Chitosan-based Nanoparticles in Mucosal Vaccine Delivery
Archives of Razi Institute: September 30, 2018, 73 (3); 165-176
September 01, 2018
Article Type: Review
January 18, 2017
June 18, 2018
H, Mohamadpour Dounighi
R. et al. Chitosan-based Nanoparticles in Mucosal Vaccine Delivery,
Arch Razi Inst.
Most infectious diseases are caused by pathogenic infiltrations from the mucosal tract. Nowadays, the use of vaccines has been widely investigated for the prevention of different infectious diseases, infertility, immune disorders, malignancies, and allergies. Broad-spectrum adjuvant substances have been studied for immune system stimulation with a greater efficiency against specific antigens. Various adjuvants have been developed such as inorganic, oil-based, and emulsion adjuvants, bacterial products and their derivatives, cytokines, cytosine-guanine dinucleotide (CpG) motifs, and particulate systems. Mucosal vaccine delivery is an alternative route to induce both humoral and cellular immune responses. Applying nanoparticles in vaccine formulations allows not only improved antigen stability and immunogenicity, but also targeted delivery, and consequently, more specific release of the agent of interest. Chitosan nanoparticles have immunological activity and mucoadhesive properties. They have been used as a mucosal vaccine delivery system for many antigens. This review provides an overview of the recent advances in chitosan nanoparticles as a novel mucosal vaccine delivery system.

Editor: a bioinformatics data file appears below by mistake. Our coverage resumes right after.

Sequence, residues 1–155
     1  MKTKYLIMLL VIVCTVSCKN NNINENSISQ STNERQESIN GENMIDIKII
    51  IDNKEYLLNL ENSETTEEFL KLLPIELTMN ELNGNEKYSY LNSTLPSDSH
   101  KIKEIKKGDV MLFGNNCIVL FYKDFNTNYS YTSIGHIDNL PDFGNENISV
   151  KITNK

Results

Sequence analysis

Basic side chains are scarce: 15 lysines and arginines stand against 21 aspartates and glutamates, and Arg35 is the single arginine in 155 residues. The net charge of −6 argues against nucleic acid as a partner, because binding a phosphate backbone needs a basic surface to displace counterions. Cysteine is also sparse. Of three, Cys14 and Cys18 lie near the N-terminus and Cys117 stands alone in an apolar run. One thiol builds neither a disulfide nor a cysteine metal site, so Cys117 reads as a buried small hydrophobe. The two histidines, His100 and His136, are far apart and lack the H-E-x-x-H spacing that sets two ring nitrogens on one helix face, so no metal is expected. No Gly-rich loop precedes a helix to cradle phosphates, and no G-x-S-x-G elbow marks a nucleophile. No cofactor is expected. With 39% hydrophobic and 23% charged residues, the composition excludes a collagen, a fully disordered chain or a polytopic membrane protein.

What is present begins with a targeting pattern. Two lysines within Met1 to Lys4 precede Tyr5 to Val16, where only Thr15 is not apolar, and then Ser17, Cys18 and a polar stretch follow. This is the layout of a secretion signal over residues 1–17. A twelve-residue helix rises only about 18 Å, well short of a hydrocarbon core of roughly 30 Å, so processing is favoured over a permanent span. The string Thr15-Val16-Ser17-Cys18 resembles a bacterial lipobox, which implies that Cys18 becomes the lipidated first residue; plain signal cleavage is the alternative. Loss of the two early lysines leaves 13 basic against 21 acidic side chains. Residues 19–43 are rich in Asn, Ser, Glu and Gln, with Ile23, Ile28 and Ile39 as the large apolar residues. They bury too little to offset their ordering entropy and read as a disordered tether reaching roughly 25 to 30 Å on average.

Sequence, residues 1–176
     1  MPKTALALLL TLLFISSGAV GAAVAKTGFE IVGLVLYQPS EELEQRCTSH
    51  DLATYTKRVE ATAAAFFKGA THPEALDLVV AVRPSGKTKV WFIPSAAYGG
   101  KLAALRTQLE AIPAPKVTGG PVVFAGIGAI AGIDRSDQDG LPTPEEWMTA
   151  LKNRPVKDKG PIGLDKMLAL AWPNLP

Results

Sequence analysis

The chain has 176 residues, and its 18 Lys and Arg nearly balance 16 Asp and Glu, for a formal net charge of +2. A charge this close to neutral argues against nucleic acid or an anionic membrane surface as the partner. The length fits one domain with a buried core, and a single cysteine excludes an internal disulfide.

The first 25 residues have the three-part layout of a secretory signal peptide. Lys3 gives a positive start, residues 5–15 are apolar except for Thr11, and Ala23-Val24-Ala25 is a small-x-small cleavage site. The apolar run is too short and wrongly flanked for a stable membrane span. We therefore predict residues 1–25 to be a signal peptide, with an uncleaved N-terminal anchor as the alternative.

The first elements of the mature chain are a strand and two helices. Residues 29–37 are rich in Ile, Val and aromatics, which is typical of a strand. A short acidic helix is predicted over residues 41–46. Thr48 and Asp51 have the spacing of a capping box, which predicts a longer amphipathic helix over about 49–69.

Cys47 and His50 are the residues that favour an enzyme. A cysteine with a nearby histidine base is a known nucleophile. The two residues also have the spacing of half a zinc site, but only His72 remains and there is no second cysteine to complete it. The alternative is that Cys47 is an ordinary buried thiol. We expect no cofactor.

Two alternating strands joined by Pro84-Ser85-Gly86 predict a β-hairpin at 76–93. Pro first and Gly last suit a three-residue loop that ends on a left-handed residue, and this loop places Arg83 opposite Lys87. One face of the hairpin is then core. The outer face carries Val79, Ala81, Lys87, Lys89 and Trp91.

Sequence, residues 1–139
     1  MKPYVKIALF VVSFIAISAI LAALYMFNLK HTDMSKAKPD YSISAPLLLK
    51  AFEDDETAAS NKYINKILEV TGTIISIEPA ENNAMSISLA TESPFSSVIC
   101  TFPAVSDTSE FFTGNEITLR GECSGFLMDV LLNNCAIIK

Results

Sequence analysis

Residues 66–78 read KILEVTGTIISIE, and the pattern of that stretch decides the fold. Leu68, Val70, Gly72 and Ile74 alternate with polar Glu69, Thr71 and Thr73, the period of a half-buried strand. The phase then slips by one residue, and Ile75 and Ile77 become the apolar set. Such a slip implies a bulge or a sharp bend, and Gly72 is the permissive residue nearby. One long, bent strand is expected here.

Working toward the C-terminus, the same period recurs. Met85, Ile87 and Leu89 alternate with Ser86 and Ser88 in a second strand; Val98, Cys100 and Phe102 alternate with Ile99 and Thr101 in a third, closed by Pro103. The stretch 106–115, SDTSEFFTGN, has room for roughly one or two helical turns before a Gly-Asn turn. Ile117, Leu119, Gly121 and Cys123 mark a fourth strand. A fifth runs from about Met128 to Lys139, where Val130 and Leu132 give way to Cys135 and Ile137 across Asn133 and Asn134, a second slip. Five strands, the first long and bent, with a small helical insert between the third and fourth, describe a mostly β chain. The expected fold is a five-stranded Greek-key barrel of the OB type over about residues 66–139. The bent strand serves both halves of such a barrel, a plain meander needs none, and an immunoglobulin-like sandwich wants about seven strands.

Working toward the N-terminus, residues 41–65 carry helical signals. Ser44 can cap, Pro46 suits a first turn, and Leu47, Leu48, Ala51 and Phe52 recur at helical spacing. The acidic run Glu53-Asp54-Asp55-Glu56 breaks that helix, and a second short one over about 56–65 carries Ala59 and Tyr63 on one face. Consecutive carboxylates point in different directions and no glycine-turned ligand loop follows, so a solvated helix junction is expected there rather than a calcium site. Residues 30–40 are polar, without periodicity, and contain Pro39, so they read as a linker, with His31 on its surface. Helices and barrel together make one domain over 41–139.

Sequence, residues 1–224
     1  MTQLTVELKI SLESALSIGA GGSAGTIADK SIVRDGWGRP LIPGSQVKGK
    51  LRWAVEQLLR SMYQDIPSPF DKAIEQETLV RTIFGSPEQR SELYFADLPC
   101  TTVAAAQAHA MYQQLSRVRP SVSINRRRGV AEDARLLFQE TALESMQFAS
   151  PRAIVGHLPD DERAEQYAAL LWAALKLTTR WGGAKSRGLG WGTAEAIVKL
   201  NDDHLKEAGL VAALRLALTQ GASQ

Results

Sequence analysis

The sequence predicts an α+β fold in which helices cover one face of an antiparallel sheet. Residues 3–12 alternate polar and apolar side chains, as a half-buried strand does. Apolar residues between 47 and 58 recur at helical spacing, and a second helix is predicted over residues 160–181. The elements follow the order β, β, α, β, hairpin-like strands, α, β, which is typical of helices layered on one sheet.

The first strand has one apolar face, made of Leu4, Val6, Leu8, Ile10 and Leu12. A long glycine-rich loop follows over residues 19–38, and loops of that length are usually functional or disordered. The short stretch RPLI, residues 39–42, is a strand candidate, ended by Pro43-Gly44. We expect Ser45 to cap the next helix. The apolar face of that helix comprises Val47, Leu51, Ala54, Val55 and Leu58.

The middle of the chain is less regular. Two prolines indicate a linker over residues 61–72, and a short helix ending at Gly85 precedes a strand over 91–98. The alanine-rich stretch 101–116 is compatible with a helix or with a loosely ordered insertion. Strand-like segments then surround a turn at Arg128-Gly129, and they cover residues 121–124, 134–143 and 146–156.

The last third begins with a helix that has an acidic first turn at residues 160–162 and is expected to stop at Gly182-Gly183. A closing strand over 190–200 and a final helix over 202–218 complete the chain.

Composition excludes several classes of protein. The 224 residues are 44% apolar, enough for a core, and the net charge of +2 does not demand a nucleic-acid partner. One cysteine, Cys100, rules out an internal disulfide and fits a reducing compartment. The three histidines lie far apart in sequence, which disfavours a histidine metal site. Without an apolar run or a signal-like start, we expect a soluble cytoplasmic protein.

© 2018, Archives of Razi Institute. Razi Vaccine and Serum Research Institute.